4 kinds of discipleship content and how to deliver them


Caravaggio, Supper at Emmaus (1601)

Discipleship means learning. (The Greek word for "disciple," mathétes, means "learner.") Making disciples means teaching. But there's more than one way to teach, in part because there's more than one kind of thing to learn.

Everything cannot be learned effectively the same way. For example, it would be difficult to learn how the United States Constitution was framed and how to drive a car by the same method. In fact, it's difficult even to conceive how one would attempt such a thing.

One place where Christian discipleship sometimes founders is a failure to consider the diverse sorts of content that a disciple of Jesus needs to learn and—even more importantly—the diverse delivery methods necessary to convey it.

One popular model for discipleship (and learning in general) looks at the formation of the head, the heart, and the hands. I subscribe to that model as well . . . and add a fourth part. Each is developed in a Christian disciple in a peculiar way.

Doctrine: the head

What might be the easiest area of Christian formation to picture is belief formation. Doctrine is the substance of what Christians believe about stuff—God, the world, humanity, the fate of the universe, and so forth. Yet I also include moral doctrine under this heading—that is, teaching about what is right and what is wrong and how to live accordingly. What Scripture provides to this area of discipleship is the content to be learned.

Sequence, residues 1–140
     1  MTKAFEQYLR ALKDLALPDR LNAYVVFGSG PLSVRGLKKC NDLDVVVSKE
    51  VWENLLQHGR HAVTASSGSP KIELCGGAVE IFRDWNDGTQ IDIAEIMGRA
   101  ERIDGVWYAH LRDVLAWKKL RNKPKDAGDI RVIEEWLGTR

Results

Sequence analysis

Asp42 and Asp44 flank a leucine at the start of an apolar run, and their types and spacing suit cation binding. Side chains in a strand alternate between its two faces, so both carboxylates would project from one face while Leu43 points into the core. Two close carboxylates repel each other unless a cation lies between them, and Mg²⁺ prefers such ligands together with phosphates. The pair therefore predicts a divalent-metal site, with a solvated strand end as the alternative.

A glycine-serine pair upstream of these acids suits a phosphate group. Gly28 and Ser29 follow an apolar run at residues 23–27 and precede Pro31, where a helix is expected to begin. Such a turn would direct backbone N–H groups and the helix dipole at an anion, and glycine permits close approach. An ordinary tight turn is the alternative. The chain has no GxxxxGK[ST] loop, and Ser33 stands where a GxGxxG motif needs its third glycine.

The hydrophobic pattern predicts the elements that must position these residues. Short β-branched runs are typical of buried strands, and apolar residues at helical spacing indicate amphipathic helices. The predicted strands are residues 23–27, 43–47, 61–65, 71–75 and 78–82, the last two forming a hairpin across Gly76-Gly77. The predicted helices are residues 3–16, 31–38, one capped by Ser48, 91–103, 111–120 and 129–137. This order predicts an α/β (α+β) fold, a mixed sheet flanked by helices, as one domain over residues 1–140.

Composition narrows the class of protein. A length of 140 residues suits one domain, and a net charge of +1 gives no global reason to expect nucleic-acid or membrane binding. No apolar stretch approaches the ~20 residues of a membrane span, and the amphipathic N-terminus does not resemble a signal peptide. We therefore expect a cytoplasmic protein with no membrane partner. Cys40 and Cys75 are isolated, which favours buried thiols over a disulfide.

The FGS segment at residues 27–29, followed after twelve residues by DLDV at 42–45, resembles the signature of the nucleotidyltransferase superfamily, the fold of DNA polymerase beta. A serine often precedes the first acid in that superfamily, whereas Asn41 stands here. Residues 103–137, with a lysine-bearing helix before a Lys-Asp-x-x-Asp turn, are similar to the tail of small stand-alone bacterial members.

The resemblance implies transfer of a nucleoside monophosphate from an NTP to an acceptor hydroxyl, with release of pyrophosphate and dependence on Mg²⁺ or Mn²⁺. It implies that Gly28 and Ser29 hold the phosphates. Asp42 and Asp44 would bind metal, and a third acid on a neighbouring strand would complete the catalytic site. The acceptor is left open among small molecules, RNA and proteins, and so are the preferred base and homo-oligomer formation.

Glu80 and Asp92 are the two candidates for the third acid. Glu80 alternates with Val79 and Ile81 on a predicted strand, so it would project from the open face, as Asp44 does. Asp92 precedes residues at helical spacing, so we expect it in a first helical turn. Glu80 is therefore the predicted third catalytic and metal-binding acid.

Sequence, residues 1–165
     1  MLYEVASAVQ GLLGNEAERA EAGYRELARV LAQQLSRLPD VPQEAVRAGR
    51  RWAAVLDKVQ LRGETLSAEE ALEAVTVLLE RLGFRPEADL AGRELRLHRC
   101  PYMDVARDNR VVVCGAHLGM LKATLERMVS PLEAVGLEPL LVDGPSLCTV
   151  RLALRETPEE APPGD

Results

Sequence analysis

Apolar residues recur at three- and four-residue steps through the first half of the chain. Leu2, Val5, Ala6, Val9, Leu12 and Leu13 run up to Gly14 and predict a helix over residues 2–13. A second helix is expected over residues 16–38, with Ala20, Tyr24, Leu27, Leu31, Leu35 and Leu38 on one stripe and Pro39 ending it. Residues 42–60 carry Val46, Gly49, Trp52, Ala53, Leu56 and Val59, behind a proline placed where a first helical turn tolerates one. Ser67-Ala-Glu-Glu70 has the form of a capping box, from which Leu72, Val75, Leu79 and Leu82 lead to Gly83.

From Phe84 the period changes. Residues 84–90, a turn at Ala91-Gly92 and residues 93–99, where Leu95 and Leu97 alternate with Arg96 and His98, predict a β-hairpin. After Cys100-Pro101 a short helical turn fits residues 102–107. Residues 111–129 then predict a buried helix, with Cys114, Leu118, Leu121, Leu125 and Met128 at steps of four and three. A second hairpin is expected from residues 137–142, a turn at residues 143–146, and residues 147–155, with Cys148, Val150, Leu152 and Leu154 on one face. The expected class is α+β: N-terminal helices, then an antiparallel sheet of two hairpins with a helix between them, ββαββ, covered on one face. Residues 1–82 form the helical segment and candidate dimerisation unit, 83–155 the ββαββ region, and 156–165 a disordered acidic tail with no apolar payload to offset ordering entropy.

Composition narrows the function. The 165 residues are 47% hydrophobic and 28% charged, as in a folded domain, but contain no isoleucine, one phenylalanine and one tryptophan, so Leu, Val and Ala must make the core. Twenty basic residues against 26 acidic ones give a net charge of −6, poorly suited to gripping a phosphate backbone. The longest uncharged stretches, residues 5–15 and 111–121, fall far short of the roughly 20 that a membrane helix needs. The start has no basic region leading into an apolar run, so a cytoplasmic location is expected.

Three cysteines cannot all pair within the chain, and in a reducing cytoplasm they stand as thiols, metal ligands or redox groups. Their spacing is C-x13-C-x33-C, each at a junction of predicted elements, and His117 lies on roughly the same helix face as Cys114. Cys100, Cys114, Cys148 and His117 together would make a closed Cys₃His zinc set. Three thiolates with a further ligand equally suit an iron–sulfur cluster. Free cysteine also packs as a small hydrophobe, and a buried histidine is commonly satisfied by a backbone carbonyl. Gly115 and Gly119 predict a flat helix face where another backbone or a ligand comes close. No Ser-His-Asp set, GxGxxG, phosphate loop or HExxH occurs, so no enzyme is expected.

Doctrine is the area most amenable to formally structured learning—that is, to have an orderly sequence of subjects that the learner systematically works their way through, whether we're talking topics of theology or the Ten Commandments or books of the Bible. In fact, without formally structured learning in these subjects somewhere along the way, it is rather difficult to pick it all up and make sense of it.

Doctrine is also the least labor-intensive or most work-efficient area of discipleship. I say that not because it is easy to teach it, but because one teacher may convey the content to many learners at once; through books, downloadable sermons, or online courses it may reach thousands or millions. Likewise, teaching doctrine does not require a personal relationship between teacher and learner (though when there is one, it often enhances learning power).

Character: the heart

Though moral principles are a matter of doctrine, moral action is a matter of character. It is not merely about understanding what is right in general: it is about the wisdom to know what is right in this situation and how to perform it, and even more importantly it is about the will to do so.

Woven together in the will are a host of hopes, fears, dreams, cravings, jealousies, and loves. This area of discipleship involves uncovering our tangled mass of yeses and nos and reordering it to love the good that God loves and to hate the evil that he hates at the wellspring of our behavior.